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Crucial Blast Releases


Order the NEKRASOV Extinction CD DIGIPACK: $9.98

1. We are just an indifferent interpretation of the black plague ::MP3 SAMPLE::
2. Disillusion ::MP3 SAMPLE::
3. Matter is the bastard ::MP3 SAMPLE::
4. Void into nonvoid ::MP3 SAMPLE::
5. Pre-fetal non-mantra ::MP3 SAMPLE::
6. Chant the name of god in a thousand languages until all is blood and feces ::MP3 SAMPLE::
7. No room for liberation found 'here' or 'now' ::MP3 SAMPLE::
8. Extinction ::MP3 SAMPLE::

Riding atop the recent wave of black metal/noise hybrids who combine the bleak frosty riffs and blackened ferocity of underground BM with blown-out and corrosive strains of industrial noise (see also WOLD, Emit, Grief No Absolution, Enbilulugugal, Vargr), the Australian one-man band Nekrasov has so far made a substantial mark in the realm of extremist necro-racket with a series of limited edition, brutally abrasive albums (Cognition Of Splendid Oblivion, The Form Of Thought From Beast, etc) that have mostly been self-released, save for some recent offerings on labels like Siege Of Power and Chrome Leaf. Early on, Nekrasov's sound was steeped in caustic noise, a blazing industrialized black metal assault that was doused in heavy levels of irradiated distortion and Merzbowian skree. But more recently, it's mutated into less metallic regions, alternating the hyperblast black metal with forays into crushing, demonic wall-noise and blasted ambience. Now, Nekrasov is back with a new full length (the first for Crucial Blast), and it's the most advanced slab of their blacknoize terror that we've heard so far. An octagonal prism of isolationist drone, flesh-rending mechanical black metal, abstract otherworldly beauty, claustrophobic industrial dread, and the most violent, suffocating strains of harsh noise, Extinction is pure cyclonic contempt for humanity.
The eight-song disc combines hyperspeed cybernetic blastscapes and bleak black metal riffage, the tracks often revealing snarled minor key melodies that are buried deep beneath blizzard blasts of machinegun drum machines, the drums veering through nerve-fraying rhythmic shifts, and acidic croaks bathed in black hiss. Triumphant frost-bitten riffs scream out of maelstroms of violent distortion, and Choral voices soar through a cyclone of helicoptering blastbeats and sheets of blown-out, ultra distorted drone, streaked with bits of gorgeous vibraphone-like melody, somber Hammond-like organ drones and looped synth, sometimes breaking off into grinding slo-motion industrial throb or swirling kosimiche drift. The tracks on Extinction go back and forth between the noisier, more industrial like material and overt black metal, though the two sides of Nekrasov's sound are always present together. When the sound does move into pure noise, it's either vast fields of minimal ambient drift, metallic clank and distant percussive sounds, utterly bleak Lustmordian soundscapes, or crushing, almost HNW-style slabs of molten noise, scouring waves of hellish skree and crushing slow-motion tidal surges of jet-black sonic syrup flecked with dubbed-out blasts of tectonic crush and electronic glitches that ripple across the void.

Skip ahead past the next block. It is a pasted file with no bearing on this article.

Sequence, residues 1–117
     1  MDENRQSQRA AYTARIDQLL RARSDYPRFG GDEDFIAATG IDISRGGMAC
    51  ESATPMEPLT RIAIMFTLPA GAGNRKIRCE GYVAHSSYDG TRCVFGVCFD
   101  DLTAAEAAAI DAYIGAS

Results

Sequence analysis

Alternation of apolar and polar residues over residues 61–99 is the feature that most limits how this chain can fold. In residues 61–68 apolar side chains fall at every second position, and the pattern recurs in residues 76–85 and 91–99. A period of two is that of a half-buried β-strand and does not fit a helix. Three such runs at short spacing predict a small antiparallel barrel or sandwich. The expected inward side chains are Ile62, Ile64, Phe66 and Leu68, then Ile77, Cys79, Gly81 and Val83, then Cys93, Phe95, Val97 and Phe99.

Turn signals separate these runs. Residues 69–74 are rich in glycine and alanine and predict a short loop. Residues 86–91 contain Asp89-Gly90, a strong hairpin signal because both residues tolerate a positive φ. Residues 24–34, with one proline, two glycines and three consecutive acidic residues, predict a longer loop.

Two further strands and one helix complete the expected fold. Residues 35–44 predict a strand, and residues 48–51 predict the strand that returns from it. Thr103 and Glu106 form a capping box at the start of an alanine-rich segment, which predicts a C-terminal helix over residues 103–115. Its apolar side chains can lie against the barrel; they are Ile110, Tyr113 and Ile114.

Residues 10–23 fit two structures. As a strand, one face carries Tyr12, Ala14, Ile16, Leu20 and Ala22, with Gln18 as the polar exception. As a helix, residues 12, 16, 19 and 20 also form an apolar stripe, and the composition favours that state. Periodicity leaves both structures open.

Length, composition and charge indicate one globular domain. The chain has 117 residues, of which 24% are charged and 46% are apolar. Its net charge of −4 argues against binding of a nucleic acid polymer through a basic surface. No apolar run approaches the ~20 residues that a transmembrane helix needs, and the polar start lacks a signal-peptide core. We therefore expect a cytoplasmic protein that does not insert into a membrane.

Closing the album, the title track descends even further into black industrial crush, a monstrous, almost seventeen-minute long sprawl of plodding, simple drum pound echoing within a slowly swirling fog of distorted fx, churning, billowing black ambience, buried black buzz, an endless whirlpool of blown-out synthesizers and the immense black breath of leviathan lungs heaving deep below the surface.
Like everything else from Nekrasov, this album is loaded with blasting inhuman drumming and ferocious riffing that form into noise-drenched trance-scapes of bestial industrial BM, but the attention to texture and sound sculpture elevates this above most mechanized black metal projects, with immersive layers of electronic sound, creative stereo panning techniques, and other production tricks that create a harsh, alien atmosphere that is pretty unique to Nekrasov's sound. This is a scorching new chapter from one of our favorite bands out there right now fusing black metal and noise.
The cd version comes packaged in a full color six-panel digipack.